Two weeks prior to the U.S. election, Brazil goes all-in on Trump — against China. São Paulo’s plan to recover its economy. And the electoral politics of the coronavirus vaccine race.
Brazil, Trump White House join forces against “enormous risk” from China
Brazil and the U.S. have updated a 2011 trade agreement, with new provisions on trade facilitation, regulatory practices, and anti-corruption strategies. “Ultimately,” said Robert O’Brien, of the U.S. National Security Council, “this could lead to a free-trade agreement between both countries.”
- The new protocols were signed during a virtual summit on U.S.-Brazil cooperation, in which President Jair Bolsonaro celebrated the “record-breaking pace” at which the agreement was reached. In the same event, U.S. Secretary of State Mike Pompeo said both Brazil and the U.S. must “decrease […] dependence on critical items” coming from China. Mr. Pompeo cited the “enormous risk” from China’s significant participation in both countries’ economies.
- China’s Foreign Minister Zhao Lijian responded to Mr. Pompeo’s words, accusing U.S. politicians (who are part of or allowed with the Trump administration) of “smearing” normal economic and trade cooperation.
Trump has ulterior motives. While the trade agreements are the official reason for Mr. O’Brien’s visit to Brazil, he is reportedly using the occasion to push Brazil into banning Chinese telecom giant Huawei from Brazil’s upcoming 5G auction.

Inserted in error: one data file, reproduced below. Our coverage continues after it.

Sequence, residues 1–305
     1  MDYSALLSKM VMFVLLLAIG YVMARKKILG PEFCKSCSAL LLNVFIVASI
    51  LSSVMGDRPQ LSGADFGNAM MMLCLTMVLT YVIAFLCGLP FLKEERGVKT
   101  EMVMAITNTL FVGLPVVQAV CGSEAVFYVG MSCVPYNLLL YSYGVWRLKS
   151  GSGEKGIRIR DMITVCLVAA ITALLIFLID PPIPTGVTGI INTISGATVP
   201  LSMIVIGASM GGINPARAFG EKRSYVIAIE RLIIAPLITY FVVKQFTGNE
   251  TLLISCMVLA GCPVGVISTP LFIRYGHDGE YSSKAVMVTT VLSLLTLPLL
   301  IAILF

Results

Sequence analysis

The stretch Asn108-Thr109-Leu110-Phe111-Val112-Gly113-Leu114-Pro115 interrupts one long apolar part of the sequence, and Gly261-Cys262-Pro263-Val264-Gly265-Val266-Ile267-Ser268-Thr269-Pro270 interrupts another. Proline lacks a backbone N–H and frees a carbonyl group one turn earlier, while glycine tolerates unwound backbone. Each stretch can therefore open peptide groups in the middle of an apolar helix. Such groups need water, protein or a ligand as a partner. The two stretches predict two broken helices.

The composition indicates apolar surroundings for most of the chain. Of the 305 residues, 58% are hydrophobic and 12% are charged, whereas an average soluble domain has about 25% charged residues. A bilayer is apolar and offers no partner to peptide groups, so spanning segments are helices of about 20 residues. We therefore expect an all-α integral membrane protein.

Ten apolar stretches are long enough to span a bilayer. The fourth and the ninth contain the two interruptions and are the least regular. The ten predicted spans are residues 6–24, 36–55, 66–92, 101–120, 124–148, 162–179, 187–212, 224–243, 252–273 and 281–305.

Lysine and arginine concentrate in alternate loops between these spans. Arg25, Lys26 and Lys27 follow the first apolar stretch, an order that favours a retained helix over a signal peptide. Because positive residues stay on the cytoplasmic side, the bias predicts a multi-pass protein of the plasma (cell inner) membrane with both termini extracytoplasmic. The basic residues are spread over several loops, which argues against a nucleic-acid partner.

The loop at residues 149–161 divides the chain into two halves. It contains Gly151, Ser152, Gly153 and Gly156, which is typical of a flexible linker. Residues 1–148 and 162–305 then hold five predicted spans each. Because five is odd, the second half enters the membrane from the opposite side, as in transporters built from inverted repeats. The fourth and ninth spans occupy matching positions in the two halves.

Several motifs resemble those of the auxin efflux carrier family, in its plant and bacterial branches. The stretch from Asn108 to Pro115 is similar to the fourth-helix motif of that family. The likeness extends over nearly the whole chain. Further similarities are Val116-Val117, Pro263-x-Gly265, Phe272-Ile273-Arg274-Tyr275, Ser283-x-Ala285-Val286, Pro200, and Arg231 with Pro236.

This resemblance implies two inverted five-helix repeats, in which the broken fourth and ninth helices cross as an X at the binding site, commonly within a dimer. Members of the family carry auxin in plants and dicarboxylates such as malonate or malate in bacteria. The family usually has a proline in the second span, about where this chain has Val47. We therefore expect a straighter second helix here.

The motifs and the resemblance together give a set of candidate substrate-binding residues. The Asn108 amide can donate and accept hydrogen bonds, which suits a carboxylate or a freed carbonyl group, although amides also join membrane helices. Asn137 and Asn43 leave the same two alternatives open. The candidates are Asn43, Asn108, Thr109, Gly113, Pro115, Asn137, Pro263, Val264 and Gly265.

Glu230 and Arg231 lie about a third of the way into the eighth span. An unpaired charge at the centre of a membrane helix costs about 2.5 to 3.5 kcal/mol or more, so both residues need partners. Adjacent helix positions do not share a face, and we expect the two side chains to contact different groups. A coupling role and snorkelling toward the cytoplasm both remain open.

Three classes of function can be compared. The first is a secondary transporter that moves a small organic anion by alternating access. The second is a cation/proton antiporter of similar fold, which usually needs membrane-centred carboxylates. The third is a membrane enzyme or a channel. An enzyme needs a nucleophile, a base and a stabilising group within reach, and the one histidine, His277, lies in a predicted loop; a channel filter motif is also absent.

Why it matters. Once again, Brazil decides to shun its undisputed main trading partner, China, without hesitation.
- The fact that the meeting occurred just two weeks before the U.S. presidential election adds a new dimension, making Brazil’s alliance with the U.S. more about the Trump White House than anything else. However, all polls suggest that former Vice President Joe Biden is much more likely to win the race — which could put bilateral relations in murky waters.
No results. In almost two years, Mr. Bolsonaro’s decision for complete alignment with Donald Trump has yet to bear fruits for Brazil: trade between the two countries has just seen its worst result in 11 years; the Trump administration reduced tax-free import quotas for Brazilian steel, and the U.S. nixed Brazil’s plan to name a president for the Inter-American Development Bank, appointing an American, instead.
São Paulo’s plan to boost its state economy
Governor João Doria of the state of São Paulo launched an economic recovery plan, aiming to attract BRL 36 billion (USD 6.4 billion) in investments by way of concession deals, and promising to create 2 million jobs over four years in the process. The plan comes as a consequence of the administrative reform passed by the State Congress last week, aimed at reducing public spending.
Why it matters. São Paulo’s state economy accounts for nearly 30 percent of the Brazilian GDP. And, with 21 percent of the country’s population, it is also the epicenter of the coronavirus pandemic in Brazil — and expects a 3-percent GDP slump this year, after growing 5 percent in 2019.